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United States v. Auler

decided: August 12, 1976.


Appeal from the United States District Court for the Western District of Wisconsin, No. 73-CR-67, JAMES E. DOYLE, Judge.

Tom C. Clark, Associate Justice (Retired),*fn* Fairchild, Chief Judge, and Pell, Circuit Judge.

Author: Fairchild

FAIRCHILD, Chief Judge.

In this appeal we are once again asked to consider the scope of the authority of a common carrier to intercept and disclose wire communications, 18 U.S.C. § 2511(2)(a)(i),*fn1 in the context of the prohibition against the unauthorized publication or use of interstate wire communications, 47 U.S.C. § 605.*fn2 The appellant, Raymond Auler, was convicted for violating the Wire Fraud Statute, 18 U.S.C. § 1343,*fn3 and sentenced to six months imprisonment. He argues that several grounds support a reversal: (1) the disclosure of wire communications by General Telephone to the F.B.I. violated 47 U.S.C. § 605; (2) the security agents of General Telephone violated the requirements of the Fourth Amendment; (3) the surveillance conducted by the General Telephone violated the Wisconsin Electronic Surveillance Law; and (4) the indictment failed to state an offense under 18 U.S.C. § 1343. We are, however, unable to find that any of these contentions require a reversal, and therefore, we affirm the decision of the district court.


During June, 1973 a security supervisor for the Wisconsin Telephone Company, Bernard G. Schlimgen, attached a 2600 cycle detecting device to the telephone line serving Auler's residence in Milwaukee. Schlimgen believed that there was in use a device known as a "blue box" to fraudulently place toll-free long distance calls. The blue box is used to electronically bypass the telephone company's billing equipment. After engaging a wide area telephone service system (WATS), the blue box emits a 2600 cycle tone which allows the user to remain within the toll system after the WATS line has been disconnected. Subsequently, the user "key pulses" through the blue box a series of multifrequency tones, comparable to those normally generated by a long distance call. The telephone company's billing equipment only records the original toll-free call; consequently, the user is not charged for the call made with the blue box.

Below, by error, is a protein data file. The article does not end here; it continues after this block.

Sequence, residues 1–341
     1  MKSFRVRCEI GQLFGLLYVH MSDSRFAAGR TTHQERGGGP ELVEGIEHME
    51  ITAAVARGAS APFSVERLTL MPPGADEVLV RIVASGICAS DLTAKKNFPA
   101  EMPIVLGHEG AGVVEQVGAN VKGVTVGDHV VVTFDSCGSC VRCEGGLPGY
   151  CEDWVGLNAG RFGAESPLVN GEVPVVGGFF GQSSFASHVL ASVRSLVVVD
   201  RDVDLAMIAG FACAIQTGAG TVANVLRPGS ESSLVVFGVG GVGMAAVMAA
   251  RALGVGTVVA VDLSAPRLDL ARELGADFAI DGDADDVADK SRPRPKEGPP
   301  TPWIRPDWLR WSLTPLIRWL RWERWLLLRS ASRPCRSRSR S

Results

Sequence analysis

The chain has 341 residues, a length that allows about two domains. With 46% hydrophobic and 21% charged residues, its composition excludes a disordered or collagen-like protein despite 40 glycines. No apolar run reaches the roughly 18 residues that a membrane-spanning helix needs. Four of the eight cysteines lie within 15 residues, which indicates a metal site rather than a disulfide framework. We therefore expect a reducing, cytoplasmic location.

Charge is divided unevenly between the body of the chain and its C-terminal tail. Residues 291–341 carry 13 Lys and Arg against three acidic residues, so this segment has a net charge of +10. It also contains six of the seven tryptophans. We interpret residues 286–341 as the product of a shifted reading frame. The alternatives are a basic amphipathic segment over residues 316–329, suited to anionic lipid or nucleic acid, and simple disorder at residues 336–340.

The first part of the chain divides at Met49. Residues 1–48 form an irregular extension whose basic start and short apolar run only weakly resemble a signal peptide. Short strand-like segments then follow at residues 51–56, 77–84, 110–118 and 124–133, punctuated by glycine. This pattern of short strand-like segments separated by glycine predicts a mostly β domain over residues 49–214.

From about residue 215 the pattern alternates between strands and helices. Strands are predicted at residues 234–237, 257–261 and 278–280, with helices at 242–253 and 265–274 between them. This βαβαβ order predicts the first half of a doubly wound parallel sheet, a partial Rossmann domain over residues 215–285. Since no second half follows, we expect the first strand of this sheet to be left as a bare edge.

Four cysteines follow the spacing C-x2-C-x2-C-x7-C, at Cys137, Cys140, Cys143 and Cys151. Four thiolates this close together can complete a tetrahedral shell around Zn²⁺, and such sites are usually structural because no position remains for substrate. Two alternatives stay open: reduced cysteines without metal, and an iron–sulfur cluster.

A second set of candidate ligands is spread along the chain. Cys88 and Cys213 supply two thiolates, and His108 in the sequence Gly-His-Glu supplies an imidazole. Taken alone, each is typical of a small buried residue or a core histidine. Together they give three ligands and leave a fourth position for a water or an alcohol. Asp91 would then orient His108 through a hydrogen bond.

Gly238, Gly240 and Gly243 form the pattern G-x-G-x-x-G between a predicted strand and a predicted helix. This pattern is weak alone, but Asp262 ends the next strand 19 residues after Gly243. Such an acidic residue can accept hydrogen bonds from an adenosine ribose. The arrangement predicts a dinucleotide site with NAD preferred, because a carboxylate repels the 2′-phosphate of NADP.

The 2600 cycle detector indicated that an out of state call was made by use of the blue box technique. Schlimgen informed Roger Davis, then a Special Agent for the F.B.I., of this suspected violation of the Wire Fraud Statute. Davis obtained a warrant, and accompanied by Schlimgen, searched Auler's residence. They did not find a blue box, but learned from Auler's daughter that Auler had been present earlier, but was moving to Wisconsin Dells.

On June 21, 1973, Schlimgen contacted Gary Mattila, a security agent for the General Telephone Company, the company which provides telephone service for the Wisconsin Dells area, concerning Auler's alleged use of the blue box. Mattila discovered that Auler had two telephone listings at a Wisconsin Dells residence. He further learned from another Wisconsin Telephone Company security agent that Auler was a suspected blue box user. This information was obtained by examining a computer printout list of all the toll-free calls placed in that area. On the basis of these reports, Mattila ordered on July 13, and 17, 1973 the installation of a 2600 cycle detector placed on both of Auler's Wisconsin Dells telephone lines.

After the detection of numerous 2600 cycle tones, Mattila, on July 27, 1973, ordered the attachment of magnetic tape recording devices to Auler's lines to monitor all multifrequency tones and conversations originating from Auler's residence.*fn4 This taping was discontinued on one line on July 29, and on the other on July 30. General Telephone's logs indicate that the magnetic recorders also taped traffic over Auler's lines on August 2 through 3, and August 9 through 13.